“Sometimes winning means knowing where your priorities should be. My devotion to the ideas and belief in America has not wavered, but my commitment to be the best husband, father and friend means addressing the only truth I’ve been heretofore unwilling to tell,” he said.

Garrett, 46, a former prosecutor, won election to the 5th District seat in 2016, after serving five years in the Virginia Senate. The sprawling district takes in much of central Virginia from the Washington, D.C. suburbs to the North Carolina border.

Garrett’s decision to depart the race comes amid concerns by Republican leaders about weak fundraising for the coming battle with Cockburn, a former network television producer and correspondent.

As of April, Federal Election Commission reports show that he had raised only $433,000 and had just $133,000 in cash; Cockburn had raised $715,000, with $271,000 remaining.

Citing four unidentified former staffers, Politico reported on May 25 that Garrett and his wife, Flanna, used staff members to run personal errands, including taking care of their dog, which would be a violation of House ethics rules.

In his withdrawal statement, Garrett refuted the allegations, which he said are “driven more by Republicans than Democrats.”

“These attacks aren’t true, and I can prove that,” he said.

The Politico story came two days after reports began surfacing that Garrett was considering dropping his re-election bid after his chief of staff resigned. The next day, he held a news conference in which he insisted that he would run again but giving a performance described in press accounts as “rambling” and “bizarre.”

With the filing deadline for Virginia’s June 12 primary closed, the 5th District Republican Committee will now pick a replacement for Garrett. Cockburn is unopposed in the Democratic primary.

Garrett won the 5th District race by 16 points in 2016; President Donald Trump carried it by 11 points.

Random drawing gives GOP control of Virginia House of Delegates

Republican Delegate David Yancey declared winner in race tied after disputed recount

♦By Rich Shumate, ChickenFriedPolitics.com editor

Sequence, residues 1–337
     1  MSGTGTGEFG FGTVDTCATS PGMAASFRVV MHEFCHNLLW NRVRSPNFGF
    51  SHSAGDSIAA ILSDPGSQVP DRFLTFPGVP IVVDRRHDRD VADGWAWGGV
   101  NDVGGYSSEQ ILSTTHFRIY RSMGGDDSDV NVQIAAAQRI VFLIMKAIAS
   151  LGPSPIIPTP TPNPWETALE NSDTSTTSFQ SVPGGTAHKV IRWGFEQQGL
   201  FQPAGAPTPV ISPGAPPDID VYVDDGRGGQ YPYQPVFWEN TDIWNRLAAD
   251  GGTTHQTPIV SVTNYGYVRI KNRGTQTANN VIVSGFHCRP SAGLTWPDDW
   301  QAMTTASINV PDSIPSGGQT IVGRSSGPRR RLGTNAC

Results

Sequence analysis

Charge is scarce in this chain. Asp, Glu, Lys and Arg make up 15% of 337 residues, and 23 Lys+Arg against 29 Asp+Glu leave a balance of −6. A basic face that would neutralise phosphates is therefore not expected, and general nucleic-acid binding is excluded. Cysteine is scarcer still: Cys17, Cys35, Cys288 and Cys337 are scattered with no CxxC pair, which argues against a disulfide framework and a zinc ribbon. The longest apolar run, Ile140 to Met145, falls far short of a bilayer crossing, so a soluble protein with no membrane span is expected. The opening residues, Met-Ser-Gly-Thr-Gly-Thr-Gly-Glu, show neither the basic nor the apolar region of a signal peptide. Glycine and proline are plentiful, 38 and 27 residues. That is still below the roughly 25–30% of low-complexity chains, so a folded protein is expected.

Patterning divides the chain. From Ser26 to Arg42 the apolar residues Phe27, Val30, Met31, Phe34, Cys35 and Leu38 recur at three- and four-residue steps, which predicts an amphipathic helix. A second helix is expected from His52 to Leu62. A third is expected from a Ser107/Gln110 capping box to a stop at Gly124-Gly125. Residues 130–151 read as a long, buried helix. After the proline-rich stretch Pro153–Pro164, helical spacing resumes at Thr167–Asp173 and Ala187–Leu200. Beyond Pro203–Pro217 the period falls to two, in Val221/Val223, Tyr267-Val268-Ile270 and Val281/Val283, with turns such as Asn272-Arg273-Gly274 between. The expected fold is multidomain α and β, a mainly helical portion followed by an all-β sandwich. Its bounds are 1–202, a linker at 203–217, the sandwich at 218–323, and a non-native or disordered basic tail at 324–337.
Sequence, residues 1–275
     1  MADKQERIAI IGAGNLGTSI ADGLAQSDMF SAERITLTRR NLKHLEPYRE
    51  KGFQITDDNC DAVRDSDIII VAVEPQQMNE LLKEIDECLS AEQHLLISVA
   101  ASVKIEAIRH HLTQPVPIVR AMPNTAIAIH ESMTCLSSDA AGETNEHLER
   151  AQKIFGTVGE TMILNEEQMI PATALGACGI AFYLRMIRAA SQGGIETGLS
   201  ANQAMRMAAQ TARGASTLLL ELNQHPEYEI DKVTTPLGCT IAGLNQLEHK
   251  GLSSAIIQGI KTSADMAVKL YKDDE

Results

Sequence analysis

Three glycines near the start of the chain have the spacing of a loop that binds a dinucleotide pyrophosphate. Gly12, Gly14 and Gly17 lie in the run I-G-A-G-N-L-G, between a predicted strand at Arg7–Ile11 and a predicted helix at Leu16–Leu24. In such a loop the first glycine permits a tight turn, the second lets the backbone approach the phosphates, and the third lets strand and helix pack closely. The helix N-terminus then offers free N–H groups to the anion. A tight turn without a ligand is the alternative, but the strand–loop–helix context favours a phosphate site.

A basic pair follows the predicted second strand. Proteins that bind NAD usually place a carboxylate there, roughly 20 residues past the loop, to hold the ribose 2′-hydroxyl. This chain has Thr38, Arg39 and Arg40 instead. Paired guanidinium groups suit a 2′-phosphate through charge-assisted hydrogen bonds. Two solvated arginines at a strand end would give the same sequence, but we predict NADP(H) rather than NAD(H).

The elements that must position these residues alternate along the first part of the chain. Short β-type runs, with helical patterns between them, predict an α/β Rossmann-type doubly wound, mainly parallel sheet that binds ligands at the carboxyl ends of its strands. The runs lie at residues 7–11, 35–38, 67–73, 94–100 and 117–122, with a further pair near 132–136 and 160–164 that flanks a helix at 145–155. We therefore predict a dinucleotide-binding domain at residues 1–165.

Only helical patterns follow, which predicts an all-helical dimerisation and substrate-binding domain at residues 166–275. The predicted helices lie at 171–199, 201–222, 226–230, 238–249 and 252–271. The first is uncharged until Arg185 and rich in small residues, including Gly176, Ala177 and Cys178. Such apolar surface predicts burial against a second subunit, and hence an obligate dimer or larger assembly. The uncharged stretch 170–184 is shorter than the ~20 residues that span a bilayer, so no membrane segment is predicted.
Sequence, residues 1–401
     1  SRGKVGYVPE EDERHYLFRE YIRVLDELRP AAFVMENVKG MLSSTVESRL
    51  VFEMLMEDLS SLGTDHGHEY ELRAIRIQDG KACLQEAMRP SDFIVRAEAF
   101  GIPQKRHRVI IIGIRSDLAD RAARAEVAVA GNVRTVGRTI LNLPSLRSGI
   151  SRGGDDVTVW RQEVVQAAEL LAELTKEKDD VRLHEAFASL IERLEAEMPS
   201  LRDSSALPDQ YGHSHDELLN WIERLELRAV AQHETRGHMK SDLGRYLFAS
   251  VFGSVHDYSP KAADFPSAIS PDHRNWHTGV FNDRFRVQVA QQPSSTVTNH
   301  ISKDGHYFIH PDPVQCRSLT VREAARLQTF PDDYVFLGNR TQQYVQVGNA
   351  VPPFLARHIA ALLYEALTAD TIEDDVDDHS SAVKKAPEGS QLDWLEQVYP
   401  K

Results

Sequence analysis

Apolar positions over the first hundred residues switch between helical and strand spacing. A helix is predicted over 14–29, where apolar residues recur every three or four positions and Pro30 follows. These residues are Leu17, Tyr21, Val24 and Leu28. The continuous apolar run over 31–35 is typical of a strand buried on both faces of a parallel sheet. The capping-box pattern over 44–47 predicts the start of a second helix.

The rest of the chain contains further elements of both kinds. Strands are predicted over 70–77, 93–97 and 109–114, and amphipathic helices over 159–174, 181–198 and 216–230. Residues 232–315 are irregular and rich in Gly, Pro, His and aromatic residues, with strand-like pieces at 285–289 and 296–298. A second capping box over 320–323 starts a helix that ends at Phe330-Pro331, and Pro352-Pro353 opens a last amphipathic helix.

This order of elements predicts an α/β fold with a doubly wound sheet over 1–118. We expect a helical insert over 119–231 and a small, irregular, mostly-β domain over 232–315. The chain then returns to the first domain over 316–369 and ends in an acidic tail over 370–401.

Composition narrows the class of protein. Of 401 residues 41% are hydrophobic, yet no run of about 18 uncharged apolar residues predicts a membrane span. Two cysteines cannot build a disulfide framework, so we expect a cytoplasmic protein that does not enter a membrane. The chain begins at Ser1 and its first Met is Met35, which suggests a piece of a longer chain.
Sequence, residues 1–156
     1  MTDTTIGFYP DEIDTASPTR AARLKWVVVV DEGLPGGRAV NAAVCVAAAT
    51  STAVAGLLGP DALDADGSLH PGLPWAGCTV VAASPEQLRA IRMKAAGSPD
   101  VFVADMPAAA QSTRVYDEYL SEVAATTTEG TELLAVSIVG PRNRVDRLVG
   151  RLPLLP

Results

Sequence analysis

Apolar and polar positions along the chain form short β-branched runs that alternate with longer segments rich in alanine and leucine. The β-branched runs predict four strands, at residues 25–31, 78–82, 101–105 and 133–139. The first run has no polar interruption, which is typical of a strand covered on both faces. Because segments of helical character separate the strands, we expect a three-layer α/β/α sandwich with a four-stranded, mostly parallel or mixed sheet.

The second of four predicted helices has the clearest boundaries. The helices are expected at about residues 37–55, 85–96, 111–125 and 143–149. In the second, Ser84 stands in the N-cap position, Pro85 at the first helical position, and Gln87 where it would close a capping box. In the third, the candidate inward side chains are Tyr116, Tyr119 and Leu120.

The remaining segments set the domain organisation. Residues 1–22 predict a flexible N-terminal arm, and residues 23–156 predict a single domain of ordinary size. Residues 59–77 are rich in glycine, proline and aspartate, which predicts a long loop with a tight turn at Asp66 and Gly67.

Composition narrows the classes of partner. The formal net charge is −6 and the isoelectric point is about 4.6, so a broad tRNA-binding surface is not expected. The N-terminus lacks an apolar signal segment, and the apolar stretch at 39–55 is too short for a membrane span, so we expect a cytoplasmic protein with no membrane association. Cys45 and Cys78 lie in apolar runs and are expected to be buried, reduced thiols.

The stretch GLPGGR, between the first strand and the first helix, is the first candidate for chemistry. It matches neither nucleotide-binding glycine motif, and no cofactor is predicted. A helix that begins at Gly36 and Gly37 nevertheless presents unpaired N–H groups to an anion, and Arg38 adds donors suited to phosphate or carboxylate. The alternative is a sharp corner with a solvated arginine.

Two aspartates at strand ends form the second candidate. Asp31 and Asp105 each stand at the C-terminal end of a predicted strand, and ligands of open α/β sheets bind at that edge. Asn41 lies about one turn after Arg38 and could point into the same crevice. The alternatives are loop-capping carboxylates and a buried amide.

RICHMOND (CFP) — Republicans have retained control of the Virginia House of Delegates after a random drawing to settle a race in Newport News that remained tied after a disputed recount.

Va. Del. David Yancey, R-Newport News

Republican Delegate David Yancey will get to keep his seat after his name was drawn from a bowl by James Alcorn, chairman of the State Board of Elections, as Yancey’s Democratic challenger, Shelly Simonds, looked on.

With Yancey’s win, Republicans will hold 51 seats in the House of Delegates, to 49 for Democrats, although Democrats have gone to federal court to overturn another race in which their candidate lost narrowly in a recount.

Speaking to reporters after the January 4 drawing, Simonds refused to concede and said “all options are on the table,” including possible legal action to contest the outcome in District 94.

Yancey, who didn’t attend the drawing, issued a statement saluting Simonds on running a “great campaign.”

“The election is behind us, the outcome is clear, and my responsibility now is to begin the work I was re-elected to do,” he said.

Despite falling short of control, Democrats made an astonishing breakthrough in the November vote in Virginia, nearly overturning a 66-34 Republican House majority by flipping 15 seats and taking out 12 GOP incumbents, including many veteran lawmakers in the Washington, D.C. suburbs.

Democrats also carried all three statewide races, including a win by Governor-elect Ralph Northam, and only trail Republicans by one vote in the Senate, where the GOP holds a 21-19 majority. Northam takes office January 13.